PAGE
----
Google recently announced
the release of their Gadgets for the Linux desktop, and, unlike some of
desktop offerings, they released it under a free software license. While
it is not earth-shattering technology, Gadgets does provide some
interesting features and amusing diversions. It also generates some hope
that Google is getting better at understanding what free software users are
looking for, so perhaps things like the Google Desktop for Linux will be
better integrated and more useful in the future.
Gadgets are a
cross-platform way to create simple applications that can run on web pages
and desktops. The gadget API provides a means to retrieve content from
other sites and display it along with a user interface. Many kinds of
applications can be created, from clocks and calendars to RSS-feedreaders
and "picture of the day" viewers.
There are numerous gadgets available, a semi-random collection on a KDE
desktop can be seen at left. Google has created a handful of gadgets, but
the vast majority are available from others in various categories including
News, Sports, Finance, Fun and Games, Technology, and Communication. The
gadget browser shown below, at right, allows easy access to an amazing
number of choices, many of which are variations on a theme.
To get started with gadgets, it is first necessary to build the tool.
Google does not yet provide .rpm or .deb files for various distributions.
to build" page was useful, but there was some difficulty in trying to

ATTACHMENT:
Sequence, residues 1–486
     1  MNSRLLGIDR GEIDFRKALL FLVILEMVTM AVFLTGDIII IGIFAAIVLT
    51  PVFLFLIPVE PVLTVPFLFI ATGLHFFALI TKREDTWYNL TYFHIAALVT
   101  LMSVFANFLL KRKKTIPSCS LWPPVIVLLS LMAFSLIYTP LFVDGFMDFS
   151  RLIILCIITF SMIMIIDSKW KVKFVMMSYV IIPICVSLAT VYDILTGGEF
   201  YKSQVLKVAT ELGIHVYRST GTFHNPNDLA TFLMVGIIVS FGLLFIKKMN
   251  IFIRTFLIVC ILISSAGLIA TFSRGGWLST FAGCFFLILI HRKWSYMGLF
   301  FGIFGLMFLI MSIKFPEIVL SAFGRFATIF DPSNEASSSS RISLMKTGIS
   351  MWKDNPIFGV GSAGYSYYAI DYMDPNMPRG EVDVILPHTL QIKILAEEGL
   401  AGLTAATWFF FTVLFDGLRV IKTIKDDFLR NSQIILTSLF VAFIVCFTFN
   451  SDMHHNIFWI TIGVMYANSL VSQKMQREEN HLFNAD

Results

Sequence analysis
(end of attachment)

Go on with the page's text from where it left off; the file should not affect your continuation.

translate the dependencies
into Fedora 9 package names. A page
in a language I don't know needed no translation, however. Linux commands,
it seems, are multi-lingual.
Building from the Apache-licensed source tarball was straightforward after
that. Gadgets for Linux comes in both
GTK+ and Qt flavors which allows for integration with the two dominant
Linux desktop environments. The screenshots accompanying this article are
from the Qt version, but a bit of a look at the GTK+ version seemed roughly
the same—though the Qt version lacks the sidebar dock.
This is a beta release, perhaps more of a beta than many Google releases,
so there are still a fair number of glitches. Perhaps 20% of the gadgets
tried had one problem or another, with some seeming not to function at
all. Having no experience with gadgets on other platforms, it was not
clear whether these were caused by bugs in the gadgets themselves or the
The main benefit of the gadget API seems to be the cross-platform
capabilities. Gadgets can run—largely unchanged—on Linux, Mac OS
X, or Windows, but can also run in browsers on web pages at social
networking sites or on other pages. If the API can deliver that wide of a
range of platform choices, it could open up a much wider audience for folks
that want to develop their gadgets on Linux.
Still missing is one of the tools recommended for developing gadgets, Gadget
Designer, which is only available for Windows. The documentation
for creating a gadget make it look like a tedious exercise in XML
or in development to make some of that easier.
Overall, gadgets look like an interesting project. There is really nothing
new about the kinds of applications that can be built using the API, but
there are few choices to build those kinds of programs in a truly cross-platform way.
Google's choice to support Linux—and support it
well—accompanied by the code under a
free software license is, perhaps, the best news of all.
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